University of Georgia students Robert Manlove and William Hoffman are taking their challenge to Athens-Clarke County's noise ordinance to the Georgia Supreme Court. Their attorney Charles A. Jones Jr. reports that they are appealing the case following a dismissal granted for the county in Superior Court by Judge David R. Sweat. Assistant county attorney Amy Gellins argued on April 14 that the case should be dismissed because neither Manlove nor Hoffman were actually facing potential prosecution under the ordinance and therefore had no standing to bring the case. Jones responded that the ordinance inhibits their right to free speech under the threat of prosecution, saying that county police have the discretion to cite violations on their first occurrence.
Judge Sweat dismissed the case on July 11, and the plaintiffs filed the notice of appeal three days later. Jones said in a statement: "After reading Judge Sweat’s opinion, I respectfully disagree with his legal conclusions, though I do appreciate the time and thought he put into this matter. Men of intelligence and good will disagree about the law all the time. I do believe that the majority of case law is decidedly on our side in this case, and I look forward to presenting that case law to the Justices of the Georgia Supreme Court."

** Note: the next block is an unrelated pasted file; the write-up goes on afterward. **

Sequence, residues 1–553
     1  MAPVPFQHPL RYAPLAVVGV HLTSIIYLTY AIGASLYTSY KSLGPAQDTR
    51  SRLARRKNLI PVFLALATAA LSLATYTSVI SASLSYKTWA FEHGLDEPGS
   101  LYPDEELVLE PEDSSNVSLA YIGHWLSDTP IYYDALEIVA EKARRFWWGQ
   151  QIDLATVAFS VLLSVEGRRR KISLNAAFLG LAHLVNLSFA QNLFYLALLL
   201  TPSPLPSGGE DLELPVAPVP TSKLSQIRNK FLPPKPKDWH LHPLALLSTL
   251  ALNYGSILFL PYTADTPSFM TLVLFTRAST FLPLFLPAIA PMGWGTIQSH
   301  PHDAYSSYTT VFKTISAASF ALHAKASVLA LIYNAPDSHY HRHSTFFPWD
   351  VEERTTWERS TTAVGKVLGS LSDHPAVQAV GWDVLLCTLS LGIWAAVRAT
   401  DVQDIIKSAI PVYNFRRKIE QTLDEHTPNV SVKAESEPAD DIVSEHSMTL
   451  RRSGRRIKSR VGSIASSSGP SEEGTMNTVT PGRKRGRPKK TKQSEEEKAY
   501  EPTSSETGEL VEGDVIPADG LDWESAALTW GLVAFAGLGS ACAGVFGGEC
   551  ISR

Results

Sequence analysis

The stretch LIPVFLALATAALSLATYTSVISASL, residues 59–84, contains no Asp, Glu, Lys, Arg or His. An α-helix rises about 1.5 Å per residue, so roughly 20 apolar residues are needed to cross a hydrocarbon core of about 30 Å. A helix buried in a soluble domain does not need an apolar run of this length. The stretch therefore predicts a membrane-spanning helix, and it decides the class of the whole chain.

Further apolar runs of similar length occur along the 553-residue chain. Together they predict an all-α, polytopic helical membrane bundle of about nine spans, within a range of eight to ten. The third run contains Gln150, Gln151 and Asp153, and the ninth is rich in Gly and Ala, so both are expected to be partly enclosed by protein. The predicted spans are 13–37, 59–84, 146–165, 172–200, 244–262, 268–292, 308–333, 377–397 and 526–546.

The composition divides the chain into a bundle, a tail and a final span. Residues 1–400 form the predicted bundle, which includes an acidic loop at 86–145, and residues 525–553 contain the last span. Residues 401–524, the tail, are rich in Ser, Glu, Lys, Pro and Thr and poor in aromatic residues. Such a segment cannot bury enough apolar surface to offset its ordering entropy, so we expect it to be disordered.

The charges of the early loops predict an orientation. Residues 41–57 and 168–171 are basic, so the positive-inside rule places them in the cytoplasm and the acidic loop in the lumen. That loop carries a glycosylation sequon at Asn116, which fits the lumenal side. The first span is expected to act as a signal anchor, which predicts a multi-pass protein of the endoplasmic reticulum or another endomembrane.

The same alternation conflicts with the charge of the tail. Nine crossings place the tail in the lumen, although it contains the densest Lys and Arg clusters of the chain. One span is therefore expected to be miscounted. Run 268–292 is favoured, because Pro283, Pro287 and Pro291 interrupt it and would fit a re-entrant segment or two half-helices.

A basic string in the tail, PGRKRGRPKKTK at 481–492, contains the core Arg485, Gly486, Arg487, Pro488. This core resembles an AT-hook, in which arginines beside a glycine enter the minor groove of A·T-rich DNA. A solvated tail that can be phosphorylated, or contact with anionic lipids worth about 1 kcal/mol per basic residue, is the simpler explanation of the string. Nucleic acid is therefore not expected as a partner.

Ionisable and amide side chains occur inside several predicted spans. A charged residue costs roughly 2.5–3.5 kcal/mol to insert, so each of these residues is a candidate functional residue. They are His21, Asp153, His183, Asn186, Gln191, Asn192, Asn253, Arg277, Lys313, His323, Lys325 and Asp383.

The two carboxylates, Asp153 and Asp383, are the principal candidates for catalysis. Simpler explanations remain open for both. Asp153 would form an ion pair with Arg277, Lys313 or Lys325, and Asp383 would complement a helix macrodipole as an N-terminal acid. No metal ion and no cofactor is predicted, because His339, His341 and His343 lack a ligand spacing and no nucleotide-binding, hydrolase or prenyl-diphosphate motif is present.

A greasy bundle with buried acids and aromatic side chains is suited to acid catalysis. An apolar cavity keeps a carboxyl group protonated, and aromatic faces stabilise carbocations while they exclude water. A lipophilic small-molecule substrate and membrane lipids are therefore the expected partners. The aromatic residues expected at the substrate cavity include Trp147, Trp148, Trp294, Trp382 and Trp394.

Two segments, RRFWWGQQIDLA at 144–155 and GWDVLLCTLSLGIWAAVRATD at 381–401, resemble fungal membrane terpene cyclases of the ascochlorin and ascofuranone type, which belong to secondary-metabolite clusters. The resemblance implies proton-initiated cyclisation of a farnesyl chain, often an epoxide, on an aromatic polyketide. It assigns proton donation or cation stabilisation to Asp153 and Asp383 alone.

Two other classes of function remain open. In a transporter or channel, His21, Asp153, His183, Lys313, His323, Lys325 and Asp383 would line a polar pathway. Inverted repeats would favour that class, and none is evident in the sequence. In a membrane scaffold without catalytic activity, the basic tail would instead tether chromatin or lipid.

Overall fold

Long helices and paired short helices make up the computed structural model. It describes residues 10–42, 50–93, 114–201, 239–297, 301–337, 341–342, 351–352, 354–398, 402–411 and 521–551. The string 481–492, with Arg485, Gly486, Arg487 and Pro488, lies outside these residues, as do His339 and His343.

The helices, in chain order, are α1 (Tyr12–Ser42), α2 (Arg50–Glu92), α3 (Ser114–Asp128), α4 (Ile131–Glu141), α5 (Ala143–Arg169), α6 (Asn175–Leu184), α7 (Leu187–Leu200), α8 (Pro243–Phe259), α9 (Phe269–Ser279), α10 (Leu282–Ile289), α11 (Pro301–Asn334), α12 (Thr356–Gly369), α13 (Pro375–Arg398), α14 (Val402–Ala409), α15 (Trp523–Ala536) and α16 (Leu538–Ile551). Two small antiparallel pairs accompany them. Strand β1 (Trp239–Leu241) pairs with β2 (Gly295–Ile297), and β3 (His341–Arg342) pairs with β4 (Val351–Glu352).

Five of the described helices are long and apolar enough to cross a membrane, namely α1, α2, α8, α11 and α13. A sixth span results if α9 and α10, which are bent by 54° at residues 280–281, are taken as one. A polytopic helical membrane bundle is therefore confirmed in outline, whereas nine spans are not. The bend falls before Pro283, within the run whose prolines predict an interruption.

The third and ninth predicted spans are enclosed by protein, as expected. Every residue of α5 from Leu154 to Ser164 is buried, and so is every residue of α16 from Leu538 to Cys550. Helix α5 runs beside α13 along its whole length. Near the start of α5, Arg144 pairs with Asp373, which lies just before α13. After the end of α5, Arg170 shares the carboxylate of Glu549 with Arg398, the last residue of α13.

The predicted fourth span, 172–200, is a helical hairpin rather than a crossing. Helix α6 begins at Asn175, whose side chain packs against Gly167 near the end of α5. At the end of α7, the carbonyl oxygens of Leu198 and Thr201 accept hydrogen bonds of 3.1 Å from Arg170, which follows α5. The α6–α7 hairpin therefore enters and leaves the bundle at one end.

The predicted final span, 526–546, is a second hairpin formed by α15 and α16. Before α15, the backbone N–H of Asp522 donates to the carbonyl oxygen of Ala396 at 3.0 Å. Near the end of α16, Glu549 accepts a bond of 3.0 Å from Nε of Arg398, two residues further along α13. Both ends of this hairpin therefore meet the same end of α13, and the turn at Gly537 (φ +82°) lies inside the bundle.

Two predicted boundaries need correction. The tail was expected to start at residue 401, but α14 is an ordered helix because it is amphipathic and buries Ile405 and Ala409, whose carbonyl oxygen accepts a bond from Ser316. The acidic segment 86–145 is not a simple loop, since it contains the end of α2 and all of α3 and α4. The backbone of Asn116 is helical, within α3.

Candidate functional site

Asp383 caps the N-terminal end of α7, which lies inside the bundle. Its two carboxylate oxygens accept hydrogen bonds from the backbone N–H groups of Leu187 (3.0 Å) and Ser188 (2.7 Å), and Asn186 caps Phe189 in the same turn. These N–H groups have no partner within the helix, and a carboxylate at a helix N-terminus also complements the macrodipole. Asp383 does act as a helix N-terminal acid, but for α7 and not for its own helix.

Manlove and Hoffman filed their constitutional challenge in January. In the complaint Jones essentially argued that the noise ordinance which applies the same standard to different neighborhoods of different character is unconstitutional because it inhibits speech that may actually be appropriate for the character of certain areas such as downtown.